Sunday, January 08, 2012

Horse-race coverage of sports, politics, and business--and an egregious AY example

From a 1/3/12 column by Reuters media columnist Jack Shafer, Presidential campaigns, sports writing, and the fine art of pretending:
The jobs of political reporters and sports writers are almost identical: Determine who is ahead and who is behind; get inside the heads of the participants; decode the relevant strategies and tactics; and find a way to convert reader interest into sustainable enthusiasm.
And that extends also to business:
[Washington Post reporter Paul] Farhi, who has reported on business, sports, politics, and the media, says business coverage also obsesses on winners and numbers. “Maybe all journalism is about success and failure, and we see it more clearly in sports,” he said.
And, I'd argue, that misses meaning.

The Times on AY

Remember the New York Times's horse-race analysis in the 6/9/05 article headlined Unlike Stadium on West Side, an Arena in Brooklyn Is Still a Go?
While the Brooklyn plan still has hurdles, its progress so far is providing an object lesson in how to navigate big projects through the often treacherous and choppy waters of New York state and city politics. In the Brooklyn project, backers have aggressively courted the local community since the project's inception, trying to placate those who could be its most aggressive foes. Perhaps most important, they have reached out to Mr. [Assembly Speaker Sheldon] Silver.
(Emphasis added)

Object lesson? Not anymore. Nor for a long while.

The differences

There wee two huge differences, one, as noted by the Times, the support from Silver, who, notably, did not consider Atlantic Yards a threat to his Lower Manhattan constituency (and ultimately was further placated with a shift in plans from office space to housing).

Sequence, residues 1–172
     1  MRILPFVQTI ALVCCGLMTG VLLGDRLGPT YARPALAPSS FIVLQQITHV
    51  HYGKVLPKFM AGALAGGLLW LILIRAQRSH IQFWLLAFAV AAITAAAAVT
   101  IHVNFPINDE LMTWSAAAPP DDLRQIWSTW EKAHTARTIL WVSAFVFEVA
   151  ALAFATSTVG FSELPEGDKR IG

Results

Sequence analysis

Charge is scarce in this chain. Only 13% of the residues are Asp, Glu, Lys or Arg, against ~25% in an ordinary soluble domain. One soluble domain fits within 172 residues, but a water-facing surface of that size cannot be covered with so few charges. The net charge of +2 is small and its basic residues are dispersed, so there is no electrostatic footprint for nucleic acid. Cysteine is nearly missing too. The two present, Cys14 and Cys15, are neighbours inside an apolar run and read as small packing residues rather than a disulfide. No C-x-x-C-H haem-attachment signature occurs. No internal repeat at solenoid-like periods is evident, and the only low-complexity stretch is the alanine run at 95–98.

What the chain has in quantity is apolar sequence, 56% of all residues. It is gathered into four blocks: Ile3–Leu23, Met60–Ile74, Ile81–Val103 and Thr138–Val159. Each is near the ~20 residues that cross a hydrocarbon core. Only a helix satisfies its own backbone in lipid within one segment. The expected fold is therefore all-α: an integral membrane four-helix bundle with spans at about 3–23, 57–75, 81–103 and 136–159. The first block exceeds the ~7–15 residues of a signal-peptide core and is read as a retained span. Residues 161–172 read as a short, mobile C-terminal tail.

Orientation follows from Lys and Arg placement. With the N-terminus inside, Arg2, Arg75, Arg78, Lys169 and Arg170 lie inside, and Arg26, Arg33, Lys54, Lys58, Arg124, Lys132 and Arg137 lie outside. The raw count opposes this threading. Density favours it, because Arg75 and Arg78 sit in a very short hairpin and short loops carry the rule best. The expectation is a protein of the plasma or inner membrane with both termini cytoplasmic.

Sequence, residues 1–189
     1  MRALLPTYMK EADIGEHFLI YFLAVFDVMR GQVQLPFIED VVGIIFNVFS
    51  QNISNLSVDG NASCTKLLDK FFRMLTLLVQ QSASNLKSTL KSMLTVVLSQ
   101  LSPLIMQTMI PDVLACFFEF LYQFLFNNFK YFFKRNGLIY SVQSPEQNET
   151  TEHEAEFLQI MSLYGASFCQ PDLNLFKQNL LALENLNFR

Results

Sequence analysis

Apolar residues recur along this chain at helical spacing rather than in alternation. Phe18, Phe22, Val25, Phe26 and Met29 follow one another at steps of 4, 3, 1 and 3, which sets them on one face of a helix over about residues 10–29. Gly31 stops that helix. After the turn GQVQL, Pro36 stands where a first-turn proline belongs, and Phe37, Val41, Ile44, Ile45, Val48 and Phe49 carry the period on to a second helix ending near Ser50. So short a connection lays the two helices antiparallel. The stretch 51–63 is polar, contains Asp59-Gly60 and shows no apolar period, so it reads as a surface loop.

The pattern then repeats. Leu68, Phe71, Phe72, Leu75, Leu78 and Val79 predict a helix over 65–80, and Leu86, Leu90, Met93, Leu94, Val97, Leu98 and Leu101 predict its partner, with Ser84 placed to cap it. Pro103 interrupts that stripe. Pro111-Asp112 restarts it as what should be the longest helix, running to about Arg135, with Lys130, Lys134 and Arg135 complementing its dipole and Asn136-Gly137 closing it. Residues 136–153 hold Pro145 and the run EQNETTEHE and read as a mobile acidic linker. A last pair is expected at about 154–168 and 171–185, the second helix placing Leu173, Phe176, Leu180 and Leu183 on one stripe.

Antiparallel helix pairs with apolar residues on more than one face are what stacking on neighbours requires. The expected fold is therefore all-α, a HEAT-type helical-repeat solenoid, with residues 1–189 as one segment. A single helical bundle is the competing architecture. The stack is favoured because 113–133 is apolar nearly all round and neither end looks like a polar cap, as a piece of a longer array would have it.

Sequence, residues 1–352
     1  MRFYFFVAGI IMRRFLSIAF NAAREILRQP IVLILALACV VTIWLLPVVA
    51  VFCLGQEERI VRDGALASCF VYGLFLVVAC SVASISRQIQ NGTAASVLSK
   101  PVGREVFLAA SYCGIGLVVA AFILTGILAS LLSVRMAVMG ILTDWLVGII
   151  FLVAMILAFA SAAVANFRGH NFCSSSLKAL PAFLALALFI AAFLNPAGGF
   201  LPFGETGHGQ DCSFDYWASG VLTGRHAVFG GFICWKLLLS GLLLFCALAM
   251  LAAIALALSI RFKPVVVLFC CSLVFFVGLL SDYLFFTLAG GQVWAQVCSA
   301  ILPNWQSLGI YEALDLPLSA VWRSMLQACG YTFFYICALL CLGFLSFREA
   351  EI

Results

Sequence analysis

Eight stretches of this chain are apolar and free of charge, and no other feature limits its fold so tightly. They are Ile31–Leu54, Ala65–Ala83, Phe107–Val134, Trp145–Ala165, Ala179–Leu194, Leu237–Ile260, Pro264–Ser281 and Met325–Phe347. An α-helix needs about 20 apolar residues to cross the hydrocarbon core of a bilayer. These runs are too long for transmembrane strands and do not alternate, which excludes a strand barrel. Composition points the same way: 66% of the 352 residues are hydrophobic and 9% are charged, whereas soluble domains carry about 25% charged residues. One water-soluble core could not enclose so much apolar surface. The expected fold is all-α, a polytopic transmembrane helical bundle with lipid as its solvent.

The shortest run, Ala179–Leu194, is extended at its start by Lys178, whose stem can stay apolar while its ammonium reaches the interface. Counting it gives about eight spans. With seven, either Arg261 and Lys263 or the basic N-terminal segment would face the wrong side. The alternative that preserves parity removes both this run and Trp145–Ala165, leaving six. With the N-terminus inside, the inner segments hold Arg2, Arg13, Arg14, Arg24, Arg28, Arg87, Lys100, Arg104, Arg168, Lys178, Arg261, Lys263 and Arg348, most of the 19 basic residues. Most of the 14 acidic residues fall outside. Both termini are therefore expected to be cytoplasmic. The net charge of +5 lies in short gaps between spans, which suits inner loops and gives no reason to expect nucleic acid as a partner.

The other:
But opponents say all of this ignores this crucial advantage that Forest City Ratner had over the Jets: It did not have to face an opponent such as Cablevision, the owner of Madison Square Garden, which has money to wage such a battle. Cablevision was less threatened by competition in the form of a competing site in Brooklyn than it was by one a few blocks away in Manhattan.
The role of the Times

Without advertising to report on, as newspapers like to do, apparently the Times didn't see its role as actually analyzing the claims and providing a counterweight to the Forest City Ratner's aggressive courting of the local community--actually, some very selected segments.

Note this quote:
"It's when Ratner agreed to the housing that opportunity turned to support in low-income and working-class parts of the area," said Dan Cantor, executive director of the Working Families Party, which derives its support largely from housing and labor groups and has its headquarters in Brooklyn.
And what has the Working Families Party said about Ratner's recent comment that "existing incentives" don't work for high-rise, union-built affordable housing?

Nada.

What has the Times said?

Nada.

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